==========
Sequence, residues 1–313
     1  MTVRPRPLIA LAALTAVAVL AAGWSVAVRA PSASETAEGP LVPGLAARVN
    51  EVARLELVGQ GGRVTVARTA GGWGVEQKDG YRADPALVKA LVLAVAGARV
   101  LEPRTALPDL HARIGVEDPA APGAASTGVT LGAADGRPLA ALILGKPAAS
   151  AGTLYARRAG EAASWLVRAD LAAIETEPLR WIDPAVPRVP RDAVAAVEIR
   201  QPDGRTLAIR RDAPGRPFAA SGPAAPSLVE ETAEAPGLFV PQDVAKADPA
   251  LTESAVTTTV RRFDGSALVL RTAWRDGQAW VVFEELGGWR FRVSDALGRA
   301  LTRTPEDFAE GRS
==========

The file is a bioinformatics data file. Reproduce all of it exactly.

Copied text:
Sequence, residues 1–313
     1  MTVRPRPLIA LAALTAVAVL AAGWSVAVRA PSASETAEGP LVPGLAARVN
    51  EVARLELVGQ GGRVTVARTA GGWGVEQKDG YRADPALVKA LVLAVAGARV
   101  LEPRTALPDL HARIGVEDPA APGAASTGVT LGAADGRPLA ALILGKPAAS
   151  AGTLYARRAG EAASWLVRAD LAAIETEPLR WIDPAVPRVP RDAVAAVEIR
   201  QPDGRTLAIR RDAPGRPFAA SGPAAPSLVE ETAEAPGLFV PQDVAKADPA
   251  LTESAVTTTV RRFDGSALVL RTAWRDGQAW VVFEELGGWR FRVSDALGRA
   301  LTRTPEDFAE GRS